Oh and get the rum cake they sell in Jamacia and Grand Cayman. I forget the name but it's everywhere. It was awesome.

Tortuga. And you can actually pick 'em up in the FL airports as well.

http://www.tortugarumcakes.com/

JD10367
07-18-2009, 08:45 PM
Be prepared for the bill at the end of the cruise. It may shock you, especially if you drink a lot of booze onboard. And also be prepared to tip everyone at the end of the cruise, from the guys cleaning your room leaving you cool animal shapes made out of towels, to the busboy and maitre'd. Nearly everyone you come into contact working on the boat is supposed to be tipped at the end of the cruise.

Here's the tipping thing:

1.) Room steward. He/she gets the largest tip.

2.) Main waiter (the one who takes your orders at dinner). Second largest.

3.) Assistant waiter (the breadroll and waterglass person). Smaller tip.

4.) Head waiter (the self-important guy in the red jacket who will introduce himself on the first night, tell you that your happiness is his only goal and to tell him if ANYTHING is even SLIGHTLY wrong... and then he'll vanish and you'll never see hm again, LOL). Tiny tip.

Some ships allow you to prepay gratuities before you even get near the ship. I like to do this, because it avoids the necessity of having to figure out the tips and put cash aside for the end of the cruise. If I really think my Main Waiter and Room Steward did a great job, I might slip another ten bucks into their envelope as well. A lot of people don't like to prepay 'cause they say, "Well, what if the service sucks?" Chances are it won't... and if it did, you could probably go to the purser and get it taken off your bill anyway or something, I dunno, the scenario hasn't occurred for me yet, six cruises and not a one of those people haven't deserved their tip. (Keep in mind that red-jacketed Head Waiter tip is ridiculously small, something like 75 cents per person per day, so even though you'll never see the guy he's only getting around $10 for the whole week from one couple.)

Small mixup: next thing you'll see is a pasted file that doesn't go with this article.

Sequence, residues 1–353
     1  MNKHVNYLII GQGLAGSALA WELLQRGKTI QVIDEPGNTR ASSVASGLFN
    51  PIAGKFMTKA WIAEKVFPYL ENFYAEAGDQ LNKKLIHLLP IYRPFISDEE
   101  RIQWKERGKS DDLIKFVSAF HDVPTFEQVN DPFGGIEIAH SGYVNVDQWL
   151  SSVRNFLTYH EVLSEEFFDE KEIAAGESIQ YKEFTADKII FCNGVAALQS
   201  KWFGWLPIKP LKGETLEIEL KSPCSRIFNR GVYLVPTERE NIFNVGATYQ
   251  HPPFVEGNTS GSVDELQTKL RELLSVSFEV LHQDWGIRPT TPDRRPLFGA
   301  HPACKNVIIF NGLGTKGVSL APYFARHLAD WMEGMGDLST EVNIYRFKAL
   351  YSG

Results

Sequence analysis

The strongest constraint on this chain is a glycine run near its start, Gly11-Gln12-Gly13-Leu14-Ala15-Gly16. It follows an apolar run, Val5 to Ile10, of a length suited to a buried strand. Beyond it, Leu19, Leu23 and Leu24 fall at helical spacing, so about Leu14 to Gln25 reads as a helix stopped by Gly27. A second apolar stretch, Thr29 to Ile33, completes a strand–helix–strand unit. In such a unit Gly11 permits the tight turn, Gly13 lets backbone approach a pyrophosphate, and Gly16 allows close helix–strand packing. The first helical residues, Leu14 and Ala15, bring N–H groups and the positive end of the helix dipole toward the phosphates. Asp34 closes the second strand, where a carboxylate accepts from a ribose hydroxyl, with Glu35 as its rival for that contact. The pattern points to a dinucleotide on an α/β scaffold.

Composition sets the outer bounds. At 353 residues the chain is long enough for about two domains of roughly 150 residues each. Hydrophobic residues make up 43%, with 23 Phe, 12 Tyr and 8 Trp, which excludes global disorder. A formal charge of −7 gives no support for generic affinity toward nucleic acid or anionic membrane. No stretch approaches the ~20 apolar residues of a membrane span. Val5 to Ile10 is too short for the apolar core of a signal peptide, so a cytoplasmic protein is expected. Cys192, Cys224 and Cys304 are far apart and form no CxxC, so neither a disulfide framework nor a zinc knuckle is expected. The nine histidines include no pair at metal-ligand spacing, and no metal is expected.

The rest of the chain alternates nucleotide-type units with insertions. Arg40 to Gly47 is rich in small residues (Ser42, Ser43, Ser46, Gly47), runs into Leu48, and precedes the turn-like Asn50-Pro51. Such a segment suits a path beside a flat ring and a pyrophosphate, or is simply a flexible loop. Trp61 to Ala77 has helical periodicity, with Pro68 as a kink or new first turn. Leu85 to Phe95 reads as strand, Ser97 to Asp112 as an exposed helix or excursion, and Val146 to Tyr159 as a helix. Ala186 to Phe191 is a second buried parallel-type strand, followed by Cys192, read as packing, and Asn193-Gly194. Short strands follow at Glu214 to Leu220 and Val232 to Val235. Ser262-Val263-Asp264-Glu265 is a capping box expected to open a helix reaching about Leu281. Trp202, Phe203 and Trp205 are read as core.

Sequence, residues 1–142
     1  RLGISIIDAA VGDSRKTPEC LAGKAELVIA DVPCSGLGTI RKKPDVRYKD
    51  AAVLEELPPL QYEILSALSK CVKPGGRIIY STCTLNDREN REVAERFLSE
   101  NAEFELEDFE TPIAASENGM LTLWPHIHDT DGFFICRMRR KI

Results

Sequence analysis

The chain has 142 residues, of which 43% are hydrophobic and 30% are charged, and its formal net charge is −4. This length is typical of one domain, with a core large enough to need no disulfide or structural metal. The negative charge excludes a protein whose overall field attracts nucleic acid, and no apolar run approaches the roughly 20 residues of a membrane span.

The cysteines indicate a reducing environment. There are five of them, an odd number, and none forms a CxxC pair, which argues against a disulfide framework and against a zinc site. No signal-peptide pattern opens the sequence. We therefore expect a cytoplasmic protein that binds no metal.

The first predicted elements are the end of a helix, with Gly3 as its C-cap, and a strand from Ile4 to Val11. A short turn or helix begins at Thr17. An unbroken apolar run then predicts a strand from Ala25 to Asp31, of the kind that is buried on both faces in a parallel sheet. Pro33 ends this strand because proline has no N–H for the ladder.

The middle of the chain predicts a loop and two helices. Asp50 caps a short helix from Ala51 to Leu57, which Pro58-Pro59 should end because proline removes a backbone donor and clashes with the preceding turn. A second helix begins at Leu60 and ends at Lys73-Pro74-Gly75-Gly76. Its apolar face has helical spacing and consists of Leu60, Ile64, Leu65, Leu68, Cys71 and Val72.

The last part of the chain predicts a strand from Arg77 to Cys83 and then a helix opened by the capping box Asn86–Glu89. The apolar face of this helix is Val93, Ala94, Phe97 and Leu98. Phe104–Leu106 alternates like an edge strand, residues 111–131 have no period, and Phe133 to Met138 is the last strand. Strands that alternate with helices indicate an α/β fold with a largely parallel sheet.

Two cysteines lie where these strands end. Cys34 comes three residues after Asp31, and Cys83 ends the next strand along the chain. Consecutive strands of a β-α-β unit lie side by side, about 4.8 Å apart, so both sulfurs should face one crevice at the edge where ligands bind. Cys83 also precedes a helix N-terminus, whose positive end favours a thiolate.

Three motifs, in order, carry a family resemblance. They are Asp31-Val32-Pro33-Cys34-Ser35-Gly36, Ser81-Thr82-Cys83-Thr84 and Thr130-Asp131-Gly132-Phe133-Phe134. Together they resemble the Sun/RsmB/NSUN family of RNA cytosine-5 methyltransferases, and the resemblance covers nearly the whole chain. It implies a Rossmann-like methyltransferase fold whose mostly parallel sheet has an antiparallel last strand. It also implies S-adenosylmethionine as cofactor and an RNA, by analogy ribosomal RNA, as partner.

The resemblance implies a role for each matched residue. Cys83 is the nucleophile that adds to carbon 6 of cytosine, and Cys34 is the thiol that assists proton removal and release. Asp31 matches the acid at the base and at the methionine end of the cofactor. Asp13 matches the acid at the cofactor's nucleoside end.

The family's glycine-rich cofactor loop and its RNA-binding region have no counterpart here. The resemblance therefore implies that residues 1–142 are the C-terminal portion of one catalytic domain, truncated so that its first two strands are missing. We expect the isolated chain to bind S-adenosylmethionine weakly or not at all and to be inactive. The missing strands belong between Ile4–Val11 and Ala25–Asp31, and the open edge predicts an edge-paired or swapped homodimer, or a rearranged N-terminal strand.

JD10367
07-18-2009, 08:46 PM
Two words... Midnight Buffet!! :drool:

Actually, few cruises do these any more. Nor do they do the chocolate buffet, nor do they offer all-you-can-eat lobster. (They might have lobster at one dinner but, frankly, it's usually Caribbean lobster which is crappy and tasteless... I wouldn't bother.)

JD10367
07-18-2009, 08:59 PM
Grand Cayman (Stingray City). Cozumel (Paradise Beach). Jamaica (fat tall white guy doing something he should never be doing, LOL.)

BigRedChief
07-18-2009, 09:02 PM
Here's the tipping thing:

1.) Room steward. He/she gets the largest tip.

2.) Main waiter (the one who takes your orders at dinner). Second largest.

3.) Assistant waiter (the breadroll and waterglass person). Smaller tip.

4.) Head waiter (the self-important guy in the red jacket who will introduce himself on the first night, tell you that your happiness is his only goal and to tell him if ANYTHING is even SLIGHTLY wrong... and then he'll vanish and you'll never see hm again, LOL). Tiny tip.

Some ships allow you to prepay gratuities before you even get near the ship. I like to do this, because it avoids the necessity of having to figure out the tips and put cash aside for the end of the cruise. If I really think my Main Waiter and Room Steward did a great job, I might slip another ten bucks into their envelope as well. A lot of people don't like to prepay 'cause they say, "Well, what if the service sucks?" Chances are it won't... and if it did, you could probably go to the purser and get it taken off your bill anyway or something, I dunno, the scenario hasn't occurred for me yet, six cruises and not a one of those people haven't deserved their tip. (Keep in mind that red-jacketed Head Waiter tip is ridiculously small, something like 75 cents per person per day, so even though you'll never see the guy he's only getting around $10 for the whole week from one couple.)
We are going to be automatically charged in tips every day....
15% on every drink ordered
$9 a day for the head stewart
$15 a day for the wait staff
$3 day for head waiter
$3 day for "other" staff

sodcat
07-18-2009, 09:41 PM
........Dont rock the boat............

Chaunceythe3rd
07-18-2009, 09:42 PM
First time going on a cruise.

Before the cruise a couple of days in Miami
7 days on a cruise ship
After the cruise a couple of days in Key West and Key Largo

Cruise is on the Carnival Liberty, 7 day cruise. Going to Jamica, Grand Caymans and Cozmel Mexico.

Commited to going to the Mayan Ruins in Mexico but beyaond that still trying to figure out the best "stuff" to do, tips and tricks on board the ship etc.

Leave the combat boots and camouflage clothing at home. Believe it or not, some passengers find the "local color" displayed by inexperienced voyagers a distraction from their efforts to travel with the assorted masses. Please do not be offended by their snobbishness but feel free to make efforts to maintain your self respect. Your money is as good as theirs! If they are on a commercial cruise vessel, they are pretenders and should be exposed. Feel free to give them their well-deserved come uppance.

BigRedChief
07-18-2009, 10:10 PM